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AN INCOMPLETE HISTORY OF MEDIÆVAL ART IV: Grisaille, or the Abstention from Color


Lent is observed for the 40 day leading up to Easter. The first day of lent is Ash Wednesday, which falls on March 5th this year. During the Lenten period, it is customary for Christians to purfy themselves by practicing austerity and abstaining from sensual pleasures in an effort to imitate and therefore identify with the suffering Christ endured in his Passion.

In the later Middle Ages, a taste emerged for images purged of color and rendered in a restricted grayscale palette. The modern term for this technique is grisaille. No contemporary descriptions of this mode survive, so its cultural valence can only be inferred from the works themselves. Modern discussions of the purpose or meaning of grisaille have focused on two issues: 1) the possibility of a metaphorical or symbolic value for grisaille, seeing the mode as a religiously-motivated negation or abstention from color and 2) on the relationship of painting and drawing to sculpture, grisaille being seen here as the painters attempt to imitate the effects of the more prestigious medium of sculpture in two dimensions.

The purpose of grisaille appears to be straightforward in some cases. In second half of the thirteenth century, the clerestory windows of the great gothic cathedrals began to be glazed with patterned grisaille glass, instead of the deeply-saturated, colored glass previously in favor. This decision was probably, in part, practical: grisaille glass admits more light (and heat) into the church interior and costs much less than colored or stained-glass windows. However, due to technical limitations, it was not possible at the time to make purely clear transparent glass, and grisaille glass was the closest to clear available and admitted the brightest light. The decision to glaze the upper or heavenly reaches of the church with the brightest light possible suggests that a symbolic interpretation of the choice is possible.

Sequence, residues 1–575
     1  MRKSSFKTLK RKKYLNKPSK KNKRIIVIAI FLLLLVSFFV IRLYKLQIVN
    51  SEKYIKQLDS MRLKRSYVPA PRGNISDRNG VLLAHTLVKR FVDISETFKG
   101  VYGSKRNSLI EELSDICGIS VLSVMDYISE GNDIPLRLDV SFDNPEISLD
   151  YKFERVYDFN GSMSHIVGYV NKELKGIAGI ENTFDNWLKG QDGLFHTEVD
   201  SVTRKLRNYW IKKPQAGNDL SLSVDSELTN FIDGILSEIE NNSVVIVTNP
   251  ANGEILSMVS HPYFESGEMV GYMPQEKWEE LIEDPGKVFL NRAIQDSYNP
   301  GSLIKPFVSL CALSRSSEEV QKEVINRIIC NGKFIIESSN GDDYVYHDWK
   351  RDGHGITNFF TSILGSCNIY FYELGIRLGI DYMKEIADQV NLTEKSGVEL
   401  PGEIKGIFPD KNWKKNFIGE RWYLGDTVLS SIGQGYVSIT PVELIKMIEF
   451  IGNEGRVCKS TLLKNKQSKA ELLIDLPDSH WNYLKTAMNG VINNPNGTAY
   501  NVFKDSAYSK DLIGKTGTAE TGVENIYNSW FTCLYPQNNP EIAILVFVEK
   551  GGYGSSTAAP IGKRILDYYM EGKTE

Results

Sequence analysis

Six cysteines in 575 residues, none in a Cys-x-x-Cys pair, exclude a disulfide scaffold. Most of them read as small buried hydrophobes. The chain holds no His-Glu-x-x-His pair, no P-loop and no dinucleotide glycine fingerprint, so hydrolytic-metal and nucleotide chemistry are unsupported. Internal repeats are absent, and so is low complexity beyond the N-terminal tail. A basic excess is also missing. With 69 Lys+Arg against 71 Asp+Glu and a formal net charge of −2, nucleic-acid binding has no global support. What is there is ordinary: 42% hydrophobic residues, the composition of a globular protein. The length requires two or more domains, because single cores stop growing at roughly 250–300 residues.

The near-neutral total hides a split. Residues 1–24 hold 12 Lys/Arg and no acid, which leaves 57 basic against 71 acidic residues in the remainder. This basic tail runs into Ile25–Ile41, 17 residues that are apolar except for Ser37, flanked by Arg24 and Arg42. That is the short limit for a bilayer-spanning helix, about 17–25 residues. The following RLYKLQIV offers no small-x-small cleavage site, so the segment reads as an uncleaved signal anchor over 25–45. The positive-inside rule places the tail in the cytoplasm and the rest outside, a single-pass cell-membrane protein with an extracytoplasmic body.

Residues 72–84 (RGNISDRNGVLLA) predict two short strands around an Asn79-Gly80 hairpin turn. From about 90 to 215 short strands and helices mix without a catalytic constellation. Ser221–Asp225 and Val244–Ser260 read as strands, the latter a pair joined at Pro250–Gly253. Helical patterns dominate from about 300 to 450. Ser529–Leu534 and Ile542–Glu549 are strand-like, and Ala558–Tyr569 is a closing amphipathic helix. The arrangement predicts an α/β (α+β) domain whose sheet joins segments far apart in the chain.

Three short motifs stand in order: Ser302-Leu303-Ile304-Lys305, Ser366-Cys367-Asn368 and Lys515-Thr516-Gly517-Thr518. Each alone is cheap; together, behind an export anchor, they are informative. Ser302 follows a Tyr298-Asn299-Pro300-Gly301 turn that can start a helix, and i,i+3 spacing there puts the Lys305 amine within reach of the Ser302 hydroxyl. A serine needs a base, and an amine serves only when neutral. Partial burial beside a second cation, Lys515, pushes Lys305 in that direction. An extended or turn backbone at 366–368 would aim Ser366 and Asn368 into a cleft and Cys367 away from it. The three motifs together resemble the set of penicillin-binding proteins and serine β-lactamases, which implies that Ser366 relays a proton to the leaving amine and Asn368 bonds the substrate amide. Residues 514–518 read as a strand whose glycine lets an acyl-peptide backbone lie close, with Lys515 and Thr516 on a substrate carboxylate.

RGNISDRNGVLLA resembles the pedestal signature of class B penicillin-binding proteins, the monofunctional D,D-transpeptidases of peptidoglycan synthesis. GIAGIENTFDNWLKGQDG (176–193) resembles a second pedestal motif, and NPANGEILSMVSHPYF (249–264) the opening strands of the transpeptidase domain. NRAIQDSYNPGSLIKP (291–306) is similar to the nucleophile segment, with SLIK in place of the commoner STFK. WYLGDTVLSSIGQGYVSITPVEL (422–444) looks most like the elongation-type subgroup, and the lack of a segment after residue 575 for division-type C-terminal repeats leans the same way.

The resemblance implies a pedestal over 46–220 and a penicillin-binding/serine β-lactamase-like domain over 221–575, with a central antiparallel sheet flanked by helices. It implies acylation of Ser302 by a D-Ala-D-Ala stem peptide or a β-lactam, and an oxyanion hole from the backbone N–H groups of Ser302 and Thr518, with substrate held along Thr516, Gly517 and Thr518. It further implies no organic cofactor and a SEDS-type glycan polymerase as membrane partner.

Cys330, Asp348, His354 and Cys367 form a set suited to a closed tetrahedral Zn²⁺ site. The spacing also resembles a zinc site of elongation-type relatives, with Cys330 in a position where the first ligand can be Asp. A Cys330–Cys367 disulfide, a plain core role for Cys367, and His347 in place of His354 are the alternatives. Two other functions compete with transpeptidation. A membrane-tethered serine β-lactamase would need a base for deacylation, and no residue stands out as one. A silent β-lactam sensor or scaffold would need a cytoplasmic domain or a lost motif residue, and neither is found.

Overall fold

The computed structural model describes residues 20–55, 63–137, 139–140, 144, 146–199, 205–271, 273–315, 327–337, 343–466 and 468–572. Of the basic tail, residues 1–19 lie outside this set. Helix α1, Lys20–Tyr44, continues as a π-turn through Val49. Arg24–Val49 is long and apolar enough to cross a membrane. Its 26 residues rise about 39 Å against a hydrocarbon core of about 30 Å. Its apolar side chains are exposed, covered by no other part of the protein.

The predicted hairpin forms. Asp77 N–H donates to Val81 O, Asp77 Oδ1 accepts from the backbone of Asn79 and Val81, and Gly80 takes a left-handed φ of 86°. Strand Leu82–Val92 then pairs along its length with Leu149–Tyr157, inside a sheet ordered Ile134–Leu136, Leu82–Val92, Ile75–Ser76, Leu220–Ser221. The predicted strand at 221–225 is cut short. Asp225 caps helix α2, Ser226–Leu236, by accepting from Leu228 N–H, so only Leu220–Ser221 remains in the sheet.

Perhaps the best-known example of the grisaille technique is the so-called Parement de Narbonne (c. 1375), a long silk textile with scenes from the Passion executed in black outline and shades of grey. Donated by Charles V to the cathedral of Narbonne, it probably functioned as kind of altarpiece or retable. This liturgical setting of the parement surely influenced the patron’s choice of grisaille. In the 14th century, that setting often included altar frontals of unpainted, relief sculpture, such as the group from the convent at Maubuisson . When placed in this context, the Parement invites the viewer to compare the illusion of three-dimensional relief effected by the two-dimensional, grisaille modeling of its figures, against sculptor’s ability to create depth. In doing so, the painter makes a conspicuous demonstration of his technical mastery of his medium, which can appropriate the representational capacities of another. This accomplishment is all the more striking because it is achieved not by the heaping of painterly effects, but by a reduction of visual effects. Voluntarily denying himself the use off color is the equivalent of a boxer tying his hand behind his back and still winning.